20 great jobs that don t require a degree – Feb 24, 2006, top


20 great jobs that don’t require a degree

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What do Microsoft founder Bill Gates, Oracle CEO Larry Ellison and entertainment mogul David Geffen have in common? Besides being exceedingly rich, none of them has a college degree.

Though it was once conventional wisdom that you needed to have a four-year college degree to be successful, many employment experts believe that maxim has become myth.

While a college education increases a worker’s chances of earning more money, it’s certainly not the only reliable path to well-paid and rewarding work.

Even though good jobs increasingly require some post-high school training, many still don’t require a four-year degree. In fact, according to the U.S. Bureau of Labor Statistics, eight of the top 10 fastest-growing occupations through 2014 do not require a bachelor’s degree.

And these jobs, which include health technology, plumbing, firefighter and automotive repair, are less vulnerable to outsourcing. After all, if your car breaks down in Indiana, you’re not going to fly someone in from another country to help you.

Based on data from the U.S. Department of Labor and the Census Bureau, career planning expert Michael Farr and statistician Laurence Shatkin recently published the second edition of their book The 300 Best Jobs That Don’t Require a Four-Year Degree.

Among the 25 top-paying occupations are jobs in sales, education, law enforcement, construction, administration and transportation, as well as management and supervisory jobs:

Here are 20 of the top-paying jobs that don’t require a degree according to Shatkin’s book:

Annual income: $102,030

  • Storage and distribution manager

    Annual income: $66,600

    Annual income: $66,600

  • Police and detectives supervisor

    Annual income: $64,430

    Annual income: $59,300

  • Forest fire fighting and prevention supervisor

    Annual income: $58,920

  • Municipal fire fighting and prevention supervisor

    Annual income: $58,902

    Annual income: $58,720

  • Elevator installers and repairer

    Annual income: $58,710

    Annual income: $58,580

    Annual income: $58,350

    Annual income: $57,700

  • Nuclear medicine technologist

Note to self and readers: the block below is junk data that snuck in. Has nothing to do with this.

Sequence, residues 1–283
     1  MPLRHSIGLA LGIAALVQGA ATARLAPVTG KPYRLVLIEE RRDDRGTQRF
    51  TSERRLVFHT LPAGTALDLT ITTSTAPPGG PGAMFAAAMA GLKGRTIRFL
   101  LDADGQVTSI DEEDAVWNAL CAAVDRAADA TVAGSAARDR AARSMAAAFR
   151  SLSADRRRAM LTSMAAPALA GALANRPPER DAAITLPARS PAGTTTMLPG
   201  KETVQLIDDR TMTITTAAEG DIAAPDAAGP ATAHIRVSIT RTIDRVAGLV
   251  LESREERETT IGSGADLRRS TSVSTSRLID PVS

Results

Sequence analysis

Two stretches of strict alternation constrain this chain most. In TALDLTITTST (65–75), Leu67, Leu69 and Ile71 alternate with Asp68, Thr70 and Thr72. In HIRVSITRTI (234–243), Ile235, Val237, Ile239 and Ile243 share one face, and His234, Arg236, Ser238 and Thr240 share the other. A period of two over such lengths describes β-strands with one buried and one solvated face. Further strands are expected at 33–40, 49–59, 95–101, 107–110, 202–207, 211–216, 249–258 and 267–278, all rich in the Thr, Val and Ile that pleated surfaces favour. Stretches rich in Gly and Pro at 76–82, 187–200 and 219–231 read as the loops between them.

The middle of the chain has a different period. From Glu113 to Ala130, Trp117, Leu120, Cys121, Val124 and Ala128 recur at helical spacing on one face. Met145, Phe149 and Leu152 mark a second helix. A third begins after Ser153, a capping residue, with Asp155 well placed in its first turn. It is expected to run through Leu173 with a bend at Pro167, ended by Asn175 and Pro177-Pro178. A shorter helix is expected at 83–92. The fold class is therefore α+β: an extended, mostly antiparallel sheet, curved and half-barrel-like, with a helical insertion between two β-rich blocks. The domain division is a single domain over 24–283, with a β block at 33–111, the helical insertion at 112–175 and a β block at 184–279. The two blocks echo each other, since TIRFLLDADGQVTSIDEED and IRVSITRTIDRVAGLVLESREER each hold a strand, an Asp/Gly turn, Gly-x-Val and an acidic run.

Annual income: $56,450

  • Child support, missing persons and unemployment insurance fraud investigator

    Annual income: $53,900

  • Criminal investigators and special agent

    Annual income: $53,990

  • Immigration and Customs inspector

    Annual income: $53,990

    Annual Income: $53,990

  • Police identification and records officer

    Annual income: $53,990

    Annual income: $53,870

    Annual income: $52,840

    Though a college degree is not a requirement for these positions, all require moderate to extensive on-the-job training or apprenticeship. In addition, dental hygienists, radiation therapists, nuclear medicine technologists and commercial pilots require an associate degree at a vocational or technical school.

    Highest-demand, competitive-paying jobs

    Competitive paying jobs for which there is high demand for workers include:

  • Vocational education teachers at the post secondary level, with annual earnings of $40,740 and 216,000 openings each year;

  • Registered nurses, with annual earnings of $52,330 and 215,000 openings each year;

  • Wholesale and manufacturing sales representatives, with annual earnings of $45,400 and 160,000 openings annually; and

  • Tractor trailer/truck drivers, with annual earnings of $33,520 and 300,000 annual openings.

    The thing to keep in mind is that there are something like 50 million jobs out there that don’t require a bachelor’s degree and pay upwards of $40,000 a year, says Harlow Unger, author of But What If I Don’t Want to Go to College? A Guide to Success Through Alternative Education.

    He goes on to say that according to the U.S. Department of Labor, by 2010, almost two-thirds of all projected job openings will require only on-the-job training.

    So while a college degree was de rigueur for the baby boom generation, that’s not necessarily the case now. In today’s highly technical and service-related market, workers are judged more on their skills than their sheepskins.

    Top paying jobs without a degree


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